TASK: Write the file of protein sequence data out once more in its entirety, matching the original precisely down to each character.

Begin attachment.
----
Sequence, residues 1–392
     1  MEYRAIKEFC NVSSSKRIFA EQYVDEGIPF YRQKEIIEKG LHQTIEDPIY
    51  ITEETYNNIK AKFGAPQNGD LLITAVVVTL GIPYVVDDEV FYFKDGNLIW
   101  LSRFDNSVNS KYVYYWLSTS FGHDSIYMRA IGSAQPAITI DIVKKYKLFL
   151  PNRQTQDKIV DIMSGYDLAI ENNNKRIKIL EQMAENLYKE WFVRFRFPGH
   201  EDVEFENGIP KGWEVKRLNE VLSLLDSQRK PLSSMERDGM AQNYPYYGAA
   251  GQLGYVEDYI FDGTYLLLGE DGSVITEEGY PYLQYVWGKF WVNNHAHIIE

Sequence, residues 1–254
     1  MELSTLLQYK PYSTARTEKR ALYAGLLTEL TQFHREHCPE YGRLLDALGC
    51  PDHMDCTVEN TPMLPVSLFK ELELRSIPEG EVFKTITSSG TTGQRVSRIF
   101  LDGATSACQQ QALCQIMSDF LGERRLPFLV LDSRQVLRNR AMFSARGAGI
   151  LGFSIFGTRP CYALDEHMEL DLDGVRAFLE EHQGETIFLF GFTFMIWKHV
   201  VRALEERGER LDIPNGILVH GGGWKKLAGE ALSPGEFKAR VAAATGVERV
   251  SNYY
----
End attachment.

Sequence, residues 1–392
     1  MEYRAIKEFC NVSSSKRIFA EQYVDEGIPF YRQKEIIEKG LHQTIEDPIY
    51  ITEETYNNIK AKFGAPQNGD LLITAVVVTL GIPYVVDDEV FYFKDGNLIW
   101  LSRFDNSVNS KYVYYWLSTS FGHDSIYMRA IGSAQPAITI DIVKKYKLFL
   151  PNRQTQDKIV DIMSGYDLAI ENNNKRIKIL EQMAENLYKE WFVRFRFPGH
   201  EDVEFENGIP KGWEVKRLNE VLSLLDSQRK PLSSMERDGM AQNYPYYGAA
   251  GQLGYVEDYI FDGTYLLLGE DGSVITEEGY PYLQYVWGKF WVNNHAHIIE

Sequence, residues 1–254
     1  MELSTLLQYK PYSTARTEKR ALYAGLLTEL TQFHREHCPE YGRLLDALGC
    51  PDHMDCTVEN TPMLPVSLFK ELELRSIPEG EVFKTITSSG TTGQRVSRIF
   101  LDGATSACQQ QALCQIMSDF LGERRLPFLV LDSRQVLRNR AMFSARGAGI
   151  LGFSIFGTRP CYALDEHMEL DLDGVRAFLE EHQGETIFLF GFTFMIWKHV
   201  VRALEERGER LDIPNGILVH GGGWKKLAGE ALSPGEFKAR VAAATGVERV
   251  SNYY